Industrial Policy

Already in 2012, the EU set up the 20% target of industry’s share in Europe’s GDP by 2020 to ensure that the European industry remains competitive in the future. Further efforts, such as the so-called “Industrial Renaissance” in 2014 have followed – although all with limited impact. Mid-September 2017, EU Commission President Juncker announced the launch of a new EU Industrial Policy Strategy to “become the world leader in innovation, digitisation and decarbonisation". The initiative has been welcomed by policy makers and stakeholders.

EUTurbines is convinced that a strong industry is the backbone of Europe’s economy – a key priority for the EU should be ensuring growth of the economy and qualified jobs. A framework that encourages industry to continue manufacturing in Europe and be globally competitive is therefore crucial.

Read more on the EUTurbines stand on the Industry4Europe coalition and the EGA below...

 

Industry4Europe

Already at the beginning 2017, an industry alliance – so-called #Industry4Europe coalition – started a joint campaign to highlight the need to act fast if the 2020 target is to be achieved. The coalition gathers more than 120 industry associations. The group covers a wide range of industries, from raw materials providers, to energy intensive industries, energy-related industries, etc.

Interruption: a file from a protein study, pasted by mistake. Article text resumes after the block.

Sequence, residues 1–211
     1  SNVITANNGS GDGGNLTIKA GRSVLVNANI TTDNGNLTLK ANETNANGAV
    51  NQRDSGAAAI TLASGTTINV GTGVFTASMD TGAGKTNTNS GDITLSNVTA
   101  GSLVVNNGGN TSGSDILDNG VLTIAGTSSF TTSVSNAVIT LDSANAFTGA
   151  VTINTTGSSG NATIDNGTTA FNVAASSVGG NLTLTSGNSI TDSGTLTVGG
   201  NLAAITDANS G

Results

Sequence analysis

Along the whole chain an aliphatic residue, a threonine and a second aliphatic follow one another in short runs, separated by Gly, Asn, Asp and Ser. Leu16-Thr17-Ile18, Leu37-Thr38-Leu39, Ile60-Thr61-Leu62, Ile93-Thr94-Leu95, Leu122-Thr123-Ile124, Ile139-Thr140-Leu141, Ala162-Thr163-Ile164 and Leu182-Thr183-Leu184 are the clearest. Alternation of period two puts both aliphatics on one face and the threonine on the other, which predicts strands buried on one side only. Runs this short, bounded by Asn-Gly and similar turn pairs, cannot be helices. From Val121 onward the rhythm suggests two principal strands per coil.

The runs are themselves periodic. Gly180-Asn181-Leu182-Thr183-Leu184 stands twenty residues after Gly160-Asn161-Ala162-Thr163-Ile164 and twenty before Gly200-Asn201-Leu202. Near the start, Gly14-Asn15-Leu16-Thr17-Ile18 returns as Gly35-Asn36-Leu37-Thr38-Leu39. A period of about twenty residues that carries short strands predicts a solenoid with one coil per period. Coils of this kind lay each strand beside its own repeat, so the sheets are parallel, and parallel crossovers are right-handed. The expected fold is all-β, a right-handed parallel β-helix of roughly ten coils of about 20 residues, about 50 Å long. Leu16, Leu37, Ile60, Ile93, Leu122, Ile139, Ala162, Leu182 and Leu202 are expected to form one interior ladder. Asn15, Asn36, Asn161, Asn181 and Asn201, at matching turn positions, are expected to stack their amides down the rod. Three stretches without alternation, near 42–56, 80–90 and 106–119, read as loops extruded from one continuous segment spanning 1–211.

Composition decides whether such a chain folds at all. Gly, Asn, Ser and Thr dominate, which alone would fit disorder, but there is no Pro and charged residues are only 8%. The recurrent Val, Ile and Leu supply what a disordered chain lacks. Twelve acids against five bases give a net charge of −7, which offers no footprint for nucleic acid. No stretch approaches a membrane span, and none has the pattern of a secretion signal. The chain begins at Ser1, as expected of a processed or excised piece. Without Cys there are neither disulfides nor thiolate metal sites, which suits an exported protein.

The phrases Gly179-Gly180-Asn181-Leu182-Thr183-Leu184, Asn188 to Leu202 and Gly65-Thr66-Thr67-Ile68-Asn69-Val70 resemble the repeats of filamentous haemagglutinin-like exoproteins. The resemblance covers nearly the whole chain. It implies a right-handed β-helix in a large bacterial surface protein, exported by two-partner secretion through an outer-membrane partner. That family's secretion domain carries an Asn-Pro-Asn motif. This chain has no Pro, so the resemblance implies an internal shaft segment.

EUTurbines joined the initiative since its creation. A first position paper was prepared for that purpose. #Industry4Europe coalition has continued its activities after the publication of the Commission’s communication with a joint reaction to the proposal, providing guidance on a number of key areas: (1) business-friendly environment and governance, (2) skills and training, (3) research and innovation, (4) access to finance, (5) the internal market and (6) trade and international market access.

A manifesto has also been prepared ahead of the 2019 European elections, asking future Members of the Parliament to keep industry at the top of the political agenda and call for an ambitious long-term EU industrial strategy.

 

Environmental goods agreement

The main purpose of reaching an Environmental Goods Agreement (EGA) is to remove barriers to trade for a list of environmental or “green” goods that are crucial for environmental protection and climate change mitigation. Gas and steam turbines are part of the discussion. The negotiations were expected to be finalised by the end of 2016, but no agreement could be reached.

EUTurbines stresses the role that both steam and gas turbines have, contributing to the decarbonisation of energy systems globally. Gas Turbines ensure security of supply thanks to their flexibility, providing high efficiency, low carbon emissions, and fuel flexibility ability – including for biogas and carbon-free hydrogen. Steam Turbines are a CO2 neutral technology, which contribute to increasing efficiency in CCGT as well as in cogeneration and are also used in renewable applications (e.g. Concentrated Solar Power).

 

Related EUTurbines Publications for further reading: